Horace Logan announced:
"Is there anyone from Mississippi? Anyone from Arkansas? Let's
hear it from the folks from Oklahoma. Now who's from Louisiana. Now how
many of y'all from the great state of Texas?"
The Hayride band struck up
its theme, "Raise a Ruckus Tonight," as the crowd joined-in.
"Come along, everybody come along, while the moon is shining
bright, We're going to have a wonderful time, at the Louisiana Hayride
Presley's white buck shoes as worn in
the 1957 film Jailhouse Rock and on stage at the
Louisiana Hayride will sit alongside The Beatles
Story’s collection of Beatles memorabilia to
symbolise the influence Elvis had on the group.
Loaned by the estate of Elvis Presley, this is the
first time that the shoes have been displayed to
the public outside of Graceland
Emcee Frank Page
introduced Elvis who was standing against a painted backdrop. The call
letters of the station, KWKH, and a Louisiana Hayride banner stretched
across the scene. Elvis wearing a pink jacket, black shirt and colorful
tie, white pants and two-tone shoes. Scotty Moore and Bill Black were
in western shirts.
Frank Page: "Just a
few weeks ago a young man from Memphis, Tennessee, recorded a song on
the Sun label and, in just a matter of weeks, that record has
sky-rocketed right up the charts. It's really doing well all over the
country. He is only nineteen years old. He has a new, distinctive
style. Elvis Presley. Let's give him a nice hand.
"How are you this
"Just fine. How're you, sir?" replied Elvis
"Are you all geared up with your band" Page
"I'm all geared up" Elvis
"Let's hear your songs?" Page
"Uh, well, I'd just like to say how happy we are to be down here.
It's a real honor for us to get a chance to appear on the Louisiana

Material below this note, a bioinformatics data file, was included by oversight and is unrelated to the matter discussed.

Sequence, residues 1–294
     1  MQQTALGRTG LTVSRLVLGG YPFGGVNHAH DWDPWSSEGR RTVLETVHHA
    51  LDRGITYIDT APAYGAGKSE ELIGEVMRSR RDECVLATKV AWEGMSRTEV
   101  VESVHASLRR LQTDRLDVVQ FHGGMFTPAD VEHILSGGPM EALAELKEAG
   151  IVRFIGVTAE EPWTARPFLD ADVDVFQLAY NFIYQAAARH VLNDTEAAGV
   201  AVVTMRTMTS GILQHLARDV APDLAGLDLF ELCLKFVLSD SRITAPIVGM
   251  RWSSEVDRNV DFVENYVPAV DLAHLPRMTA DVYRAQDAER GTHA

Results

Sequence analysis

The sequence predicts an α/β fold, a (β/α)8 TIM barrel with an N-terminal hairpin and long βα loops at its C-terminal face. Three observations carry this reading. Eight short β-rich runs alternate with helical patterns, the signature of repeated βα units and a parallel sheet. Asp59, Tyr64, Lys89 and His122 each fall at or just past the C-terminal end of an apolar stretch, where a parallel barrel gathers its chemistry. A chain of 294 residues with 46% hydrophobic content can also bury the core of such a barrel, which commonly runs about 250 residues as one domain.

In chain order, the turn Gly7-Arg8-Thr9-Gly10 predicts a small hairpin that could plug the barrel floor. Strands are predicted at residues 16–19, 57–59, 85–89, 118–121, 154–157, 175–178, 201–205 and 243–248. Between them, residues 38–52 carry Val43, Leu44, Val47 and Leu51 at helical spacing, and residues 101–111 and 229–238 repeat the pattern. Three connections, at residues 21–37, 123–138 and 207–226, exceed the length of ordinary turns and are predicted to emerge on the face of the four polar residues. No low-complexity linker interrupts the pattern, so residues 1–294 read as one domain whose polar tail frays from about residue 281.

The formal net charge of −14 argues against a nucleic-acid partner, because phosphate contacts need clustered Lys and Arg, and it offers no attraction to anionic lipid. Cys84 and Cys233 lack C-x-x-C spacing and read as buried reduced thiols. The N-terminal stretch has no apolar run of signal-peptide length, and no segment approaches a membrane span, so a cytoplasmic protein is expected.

Hayride. We're gonna do a song for ya... " Elvis
"You got anything else to say?" Page
"I'm ready -.We're gonna do a song for ya we got out on Sun
Records. It goes something like this."
Elvis sang That's Alright
Mama. Whether it was Elvis's stage fright or the originality of his act
before a new audience, his performance was flat much like his Grand Ole
Opry debut a few weeks previous. Elvis huddled with Sam Phillips
during intermission. Sam exhorted Elvis to be himself, do his own kind
of show; all he could do was fail and that would happen anyway if he
The second show was
different. It was a young crowd hungry for excitement. A huge cheer
went up from the first bars of That's Alright Mama. It wasn't country
music, it was rock n' roll and the audience loved it. On their feet,
clapping and dancing, the crowd rode the thunderous beat. They didn't
want Elvis to stop. Gyrating like a dervish, Elvis burned That's
Alright Mama and Blue Moon of Kentucky. The Hayride had birthed its
6 November 1954, Elvis signed a contract to appear on the Louisiana
Hayride every Saturday night for a year. Gladys and Vernon Presley came
to Shreveport to witness the contract because Elvis was underage. He
was nineteen years old.
Municipal Memorial Auditorium
Elvis was paid $18.00 per
performance, Scotty Moore and Bill Black $12.00 each. The Hayride
became the foundation of Elvis's early rise to stardom.
Elvis would travel nearly
half million miles over the next year, often before audiences that
would have heard him first time. During 1955, if it was a Saturday
night, Elvis was in Shreveport at the Louisiana Hayride
October 16, 1954, Elvis
appeared for the first time on the Louisiana Hayride, a
live Saturday night country music radio show originating in
Shreveport, Louisiana, broadcast over KWKH Radio. His first
performance that night didn't go that well. The audience was
filled with older folks who just didn't understand what all
that young energy was about
The second performance of that same night was much better.
That audience was made of young folks from Barksdale Air Force
Base, which is just across the Red River from Shreveport in
Bossier City. On the strength of that second performance Elvis
was offered a one year contract with the Louisiana Hayride.
And because the Louisiana Hayride had a booking agency
connected with it, that meant Elvis could get paying gigs on
the remaining nights of the week. That amazing fact allowed
Elvis to immediately quit his day job in Memphis. This was
truly the birth of Elvis's career. This was also truly the
birth of rock and roll.